Nikkor Z DX 50-250mm F/4.5-6.3 VR Review
Nikkor Z DX 50-250mm F/4.5-6.3 VR
The second DX lens for Z-mount is the Nikkor Z DX 50-250mm F/4.5-6.3 VR
Nikkor Z DX 50-250mm F/4.5-6.3 VR telephoto lens. Not only is it the longest Z-mount lens around, the APS-C 1.5X Focal-Length-Multiplier makes it equivalent to a 75-375mm lens on a Full-Frame. This covers the range normally used for portraits, street photography and distant detail shots. It sports a F/4.5 maximum aperture at wide-angle which is typical for a variable aperture telephoto zoom and closes down to a very dim F/6.3 towards its long end.
This long zoom lens captures a 31° angle-of-view at its widest and just 6.3° at its longest, starting exactly where the DX 16-50 F/3.5-5.6 VR leaves. Like the other DX lens, the DX 50-250mm F/4.5-6.3 VR sports an optical image-stabilization mechanism which is absolutely essential for such long and dim lens. The Vibration Reduction system of this lens claims 5 stops of efficiency over hand-holding.
The Nikkor DX 50-250mm F/4.5-6.3 VR can focus down to 50cm from the focal-plane at wide-angle and 1m at telephoto. This gives it a good maximum magnification of 0.23X. While this cannot handle macro photography, it can be very effective at cropping out distracting elements or just focusing on specific details. A quite internal focusing system allows this lens to record video without distracting sound.
While this lens is not that small, it packs quite a reach for its size. This is the first telephoto zoom to feature a collapsible design, allowing it to measure 12cm in length when closed down. It extends 4cm longer to start at its 50mm minimum focal-length and stretches to almost 20cm at its maximum 250mm focal-length. While the zoom is external, its focusing mechanism is completely internal.
At the front of the Nikkor DX 50-250mm F/4.5-6.3 VR, there is a standard 62mm filter-thread. The inner barrel does not rotate while changing focal-length or focus-distance, making it possible to use a polarizing filter. This lens also has a bayonet mount for an optional lens hood.
The cylindrical body of the DX 50-250mm F/4.5-6.3 features two interlocking inner barrels that extend when the lens is zoomed in. A whole 7cm of the main barrel is actually an enormous zoom ring. It has a stiff fine rubber texture to provide grip. The zoom ring has a 90° throw from 50 to 250mm. Close to the mount, there is a slim customizable control-ring. By default, it acts as Quick-Shift in AF and performs MF. It can also control aperture, which could be useful given that there is only a single control-dial on the Z50, Exposure-Compensation or ISO. This control-ring rotates smoothly and without stops.
Everything outside from the lens mount to the hood mount is made of plastic. The DX 50-250mm F/4.5-6.3 VR appears to be better built than the DX 16-50mm F/3.5-5.6 VR. The inner lens barrels fit more tightly together and show very little flex between them. Inside the lens, there is a simple 7-blade mechanical aperture.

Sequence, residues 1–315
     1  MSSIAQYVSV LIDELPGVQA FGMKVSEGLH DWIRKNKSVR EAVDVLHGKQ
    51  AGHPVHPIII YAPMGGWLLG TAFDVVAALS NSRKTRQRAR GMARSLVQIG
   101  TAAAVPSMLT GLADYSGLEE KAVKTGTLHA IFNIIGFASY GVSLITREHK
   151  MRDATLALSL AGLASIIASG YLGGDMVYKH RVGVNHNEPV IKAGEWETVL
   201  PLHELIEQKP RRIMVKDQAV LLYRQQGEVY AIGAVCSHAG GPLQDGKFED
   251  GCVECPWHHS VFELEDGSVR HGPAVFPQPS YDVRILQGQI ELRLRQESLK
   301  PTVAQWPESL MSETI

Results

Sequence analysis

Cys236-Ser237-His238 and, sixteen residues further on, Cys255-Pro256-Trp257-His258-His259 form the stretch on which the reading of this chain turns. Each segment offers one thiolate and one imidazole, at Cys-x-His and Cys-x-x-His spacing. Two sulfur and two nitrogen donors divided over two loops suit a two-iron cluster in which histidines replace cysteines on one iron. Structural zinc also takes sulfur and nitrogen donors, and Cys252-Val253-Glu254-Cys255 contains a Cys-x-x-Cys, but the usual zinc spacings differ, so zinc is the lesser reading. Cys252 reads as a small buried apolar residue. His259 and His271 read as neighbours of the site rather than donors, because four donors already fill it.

Long lenses are easier to design than wide-angle ones, yet making one this compact requires compromises. Near its wide-end, center sharpness of the DX 50-250mm F/4.5-6.3 is pretty sharp. There is some very slight softness from wide-open at F/4.5 all the way until diffraction starts at F/9.5. Corners however are extremely soft and blurry. Although stopping down makes them less blurry, details always look fuzzy in corners.
Around the middle of the zoom range, central sharpness is actually very good at any aperture.Corners though start out somewhat soft and improve to an almost usable level at F/6.7. Things gets soft again stopping further down, so there is no point where an image becomes consistently sharp from edge-to-edge.
Telephoto performance is very similar. At the maximum F/6.3 aperture, there is a little softness in the center, yet it becomes sharp from F/6.7 to F/9.5, just before diffraction takes over. Corners at telephoto have defintely softness until F/8 but them improve until about F/13. Again, there is not any aperture where sharpness is even, although F/8 is not too far off.
Below are 5 crops taken from a photograph, repeatedly captured for each combination of focal-length and aperture. Smaller pieces are cropped from extreme corners of the image, while the middle wide crop is taken from the center of the image. Select an aperture in a row for a desired focal-length to see the crops from the corresponding image. When judging image quality, keep in mind that these crops come from a 20 MP image which is normally used for up to 18x12" prints.
One good outcome from this lens is that it does not exhibit any optical distortion. It preserves straight lines remarkably well. There is a small amount of vignetting throughout the zoom but it is easily corrected. The lens appears to be quite resistent to chromatic aberrations too, although it was not tested under extreme conditions due to overcast weather.
The builtin autofocus motor of this lens is extremely quiet and can move swiftly, assuming that there is plenty of ambient light. This can become rather slow when shooting towards the long end of the zoom in low-light where the maximum aperture is so dim that the autofocus sensors have little to work with.
The overall verdict is that the Nikkor DX 50-250mm F/4.5-6.3 VR is somewhat better than the DX 16-50mm F/3.5-5.6 VR yet falls short of expectations. This lens gives quite a lot in terms of optical performance to acheive its compact size and light weight. This may be what some people are ready compromise though, particularly those who are looking more for souvenirs than prints. There are no lenses to compete with this one yet but using an adapter to mount an AF-S lens could give better results.
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